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Perry County Memorial Hospital Reports Salmonella Outbreak; 30 Cases Diagnosed Since August 6

Perry County Memorial Hospital

Perry County is experiencing a Salmonella outbreak. Via a press release Thursday, Perry County Memorial Hospital reported that nearly 30 cases have been diagnosed by the hospital and surrounding physician offices since Monday.

Hospital CEO Patrick Carron says although the local health department is conducting studies and interviews with patients to find the source of the outbreak, he doesn’t suspect anything large or central, such as water.

“I think the illness presented itself somewhere in the community, and as people congregated, it spread,” says Carron.

Salmonella is a bacterial disease that spreads from person to person, typically by hand and surface contact or unhygienic food preparation. Carron says it’s not an uncommon disease, but in the case of an outbreak, you must take every precaution to avoid transmission.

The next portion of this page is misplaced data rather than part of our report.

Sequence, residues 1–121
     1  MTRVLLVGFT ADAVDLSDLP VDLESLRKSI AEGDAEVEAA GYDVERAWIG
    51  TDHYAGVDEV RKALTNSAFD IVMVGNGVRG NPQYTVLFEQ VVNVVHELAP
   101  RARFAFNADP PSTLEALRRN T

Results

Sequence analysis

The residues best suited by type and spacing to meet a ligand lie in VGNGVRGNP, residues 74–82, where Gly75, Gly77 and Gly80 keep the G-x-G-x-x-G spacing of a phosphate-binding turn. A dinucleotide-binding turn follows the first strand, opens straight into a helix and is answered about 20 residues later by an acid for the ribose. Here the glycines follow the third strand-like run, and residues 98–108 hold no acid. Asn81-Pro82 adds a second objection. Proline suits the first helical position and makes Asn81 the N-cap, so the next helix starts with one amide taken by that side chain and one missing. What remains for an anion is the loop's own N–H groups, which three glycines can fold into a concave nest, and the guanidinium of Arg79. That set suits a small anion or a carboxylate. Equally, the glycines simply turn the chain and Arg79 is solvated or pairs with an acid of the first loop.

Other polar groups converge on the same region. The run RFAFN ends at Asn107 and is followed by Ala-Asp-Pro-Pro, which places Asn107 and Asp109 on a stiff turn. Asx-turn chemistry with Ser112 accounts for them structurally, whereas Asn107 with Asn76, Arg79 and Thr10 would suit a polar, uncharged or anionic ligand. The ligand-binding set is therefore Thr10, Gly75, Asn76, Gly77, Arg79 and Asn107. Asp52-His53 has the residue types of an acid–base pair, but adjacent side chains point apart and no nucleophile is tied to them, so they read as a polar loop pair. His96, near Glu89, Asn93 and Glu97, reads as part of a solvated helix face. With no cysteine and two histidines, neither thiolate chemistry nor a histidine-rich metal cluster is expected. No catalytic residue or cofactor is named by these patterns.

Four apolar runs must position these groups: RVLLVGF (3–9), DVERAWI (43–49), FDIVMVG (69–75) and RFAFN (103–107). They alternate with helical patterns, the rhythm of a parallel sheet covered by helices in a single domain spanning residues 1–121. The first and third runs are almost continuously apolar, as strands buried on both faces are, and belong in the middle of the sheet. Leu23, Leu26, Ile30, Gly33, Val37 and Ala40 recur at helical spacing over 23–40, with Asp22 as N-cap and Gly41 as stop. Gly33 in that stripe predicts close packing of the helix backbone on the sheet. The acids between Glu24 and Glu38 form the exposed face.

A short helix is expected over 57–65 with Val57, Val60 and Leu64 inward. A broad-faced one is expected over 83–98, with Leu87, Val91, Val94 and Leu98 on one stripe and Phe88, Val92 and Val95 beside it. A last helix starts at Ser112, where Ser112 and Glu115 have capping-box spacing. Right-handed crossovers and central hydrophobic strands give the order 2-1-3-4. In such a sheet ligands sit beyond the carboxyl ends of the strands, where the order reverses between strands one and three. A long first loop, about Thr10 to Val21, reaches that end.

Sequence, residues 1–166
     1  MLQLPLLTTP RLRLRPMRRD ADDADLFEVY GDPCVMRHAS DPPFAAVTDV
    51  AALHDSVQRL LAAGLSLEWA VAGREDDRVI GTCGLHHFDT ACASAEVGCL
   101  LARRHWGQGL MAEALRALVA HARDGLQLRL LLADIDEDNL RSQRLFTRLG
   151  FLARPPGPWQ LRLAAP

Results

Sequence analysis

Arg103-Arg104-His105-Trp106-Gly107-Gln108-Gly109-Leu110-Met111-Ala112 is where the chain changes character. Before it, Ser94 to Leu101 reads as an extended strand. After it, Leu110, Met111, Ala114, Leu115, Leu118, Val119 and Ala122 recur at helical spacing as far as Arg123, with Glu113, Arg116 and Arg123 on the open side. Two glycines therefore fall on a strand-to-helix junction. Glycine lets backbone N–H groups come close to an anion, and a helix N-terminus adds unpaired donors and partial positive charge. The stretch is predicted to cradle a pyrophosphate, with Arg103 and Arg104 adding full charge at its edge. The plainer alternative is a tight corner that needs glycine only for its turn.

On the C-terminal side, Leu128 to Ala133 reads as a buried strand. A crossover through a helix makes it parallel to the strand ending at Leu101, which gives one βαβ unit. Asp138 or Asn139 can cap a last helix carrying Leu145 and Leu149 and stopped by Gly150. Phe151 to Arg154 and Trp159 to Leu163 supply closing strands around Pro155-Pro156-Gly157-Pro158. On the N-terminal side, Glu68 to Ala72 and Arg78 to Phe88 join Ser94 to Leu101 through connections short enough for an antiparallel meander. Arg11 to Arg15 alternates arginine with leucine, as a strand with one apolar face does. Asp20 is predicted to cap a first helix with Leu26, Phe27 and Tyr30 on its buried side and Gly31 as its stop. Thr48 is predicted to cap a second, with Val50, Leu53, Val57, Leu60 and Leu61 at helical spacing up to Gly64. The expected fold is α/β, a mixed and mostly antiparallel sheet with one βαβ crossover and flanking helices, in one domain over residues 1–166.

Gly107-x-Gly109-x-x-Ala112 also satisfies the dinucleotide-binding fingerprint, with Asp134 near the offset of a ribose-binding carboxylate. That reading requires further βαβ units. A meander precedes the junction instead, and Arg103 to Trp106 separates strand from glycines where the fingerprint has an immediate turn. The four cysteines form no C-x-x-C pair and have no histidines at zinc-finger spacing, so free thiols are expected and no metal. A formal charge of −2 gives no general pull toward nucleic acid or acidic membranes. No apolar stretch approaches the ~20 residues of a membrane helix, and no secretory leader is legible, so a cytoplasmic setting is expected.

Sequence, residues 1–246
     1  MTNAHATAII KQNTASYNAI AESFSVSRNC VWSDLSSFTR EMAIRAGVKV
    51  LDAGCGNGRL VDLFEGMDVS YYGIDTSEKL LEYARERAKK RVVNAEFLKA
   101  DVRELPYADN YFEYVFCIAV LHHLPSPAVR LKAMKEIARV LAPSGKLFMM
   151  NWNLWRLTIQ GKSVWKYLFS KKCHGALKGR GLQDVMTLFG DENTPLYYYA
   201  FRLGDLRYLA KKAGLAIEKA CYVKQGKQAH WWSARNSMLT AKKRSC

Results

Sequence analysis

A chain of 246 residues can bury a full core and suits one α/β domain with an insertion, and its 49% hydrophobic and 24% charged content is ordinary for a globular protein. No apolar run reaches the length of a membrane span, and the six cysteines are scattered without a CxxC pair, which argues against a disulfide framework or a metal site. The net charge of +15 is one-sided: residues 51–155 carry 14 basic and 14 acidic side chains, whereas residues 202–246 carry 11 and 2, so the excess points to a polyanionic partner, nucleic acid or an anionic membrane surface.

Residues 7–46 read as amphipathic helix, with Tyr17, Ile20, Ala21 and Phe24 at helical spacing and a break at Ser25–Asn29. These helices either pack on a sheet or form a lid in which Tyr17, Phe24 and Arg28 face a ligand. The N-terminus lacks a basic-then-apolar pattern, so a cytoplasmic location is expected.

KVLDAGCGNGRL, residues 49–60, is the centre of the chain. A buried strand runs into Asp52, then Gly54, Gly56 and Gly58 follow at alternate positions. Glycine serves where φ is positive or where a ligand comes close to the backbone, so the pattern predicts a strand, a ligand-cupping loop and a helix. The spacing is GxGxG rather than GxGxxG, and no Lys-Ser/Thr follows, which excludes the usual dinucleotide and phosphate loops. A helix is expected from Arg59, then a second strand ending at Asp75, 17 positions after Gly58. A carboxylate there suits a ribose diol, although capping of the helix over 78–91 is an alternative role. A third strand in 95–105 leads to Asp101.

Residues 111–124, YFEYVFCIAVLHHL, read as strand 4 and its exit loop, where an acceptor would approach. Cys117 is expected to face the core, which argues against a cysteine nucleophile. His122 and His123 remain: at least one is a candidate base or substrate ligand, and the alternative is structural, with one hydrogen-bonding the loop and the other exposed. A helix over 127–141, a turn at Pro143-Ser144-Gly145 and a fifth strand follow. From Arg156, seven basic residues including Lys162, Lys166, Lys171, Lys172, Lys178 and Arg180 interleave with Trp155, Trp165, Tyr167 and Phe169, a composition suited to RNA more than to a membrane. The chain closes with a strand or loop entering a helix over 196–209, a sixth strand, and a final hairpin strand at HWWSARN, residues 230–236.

“On the healthcare provider side of things, we want to make sure people are well educated, seek medical treatment as quickly as possible, and know how to prevent it from spreading,” says Carron.

He says to use good handwashing techniques and clean surfaces with a bleach solution, especially if you came into contact with someone who was ill. If you begin to see symptoms, Carron suggests getting tested immediately.

“If you begin treatment early, you’ll reduce the severity of symptoms,” says Carron. “And, if you become aware of it early, you prevent the spread.”

Some symptoms of Salmonella include nausea, vomiting, fever, diarrhea, fatigue, dizziness, or dehydration. The disease can cause serious issues for people at risk, such as the elderly, immunocompromised, and small children, who typically fall victim to symptoms quickly.

Evidence may suggest what generation of the infection they may be dealing with. Carron says considering the re-incubation period of the disease- 12 to 72 hours- they may be seeing the third cycle working its way through.

Carron says they hope to have the outbreak stamped out before kids regather for the next school year.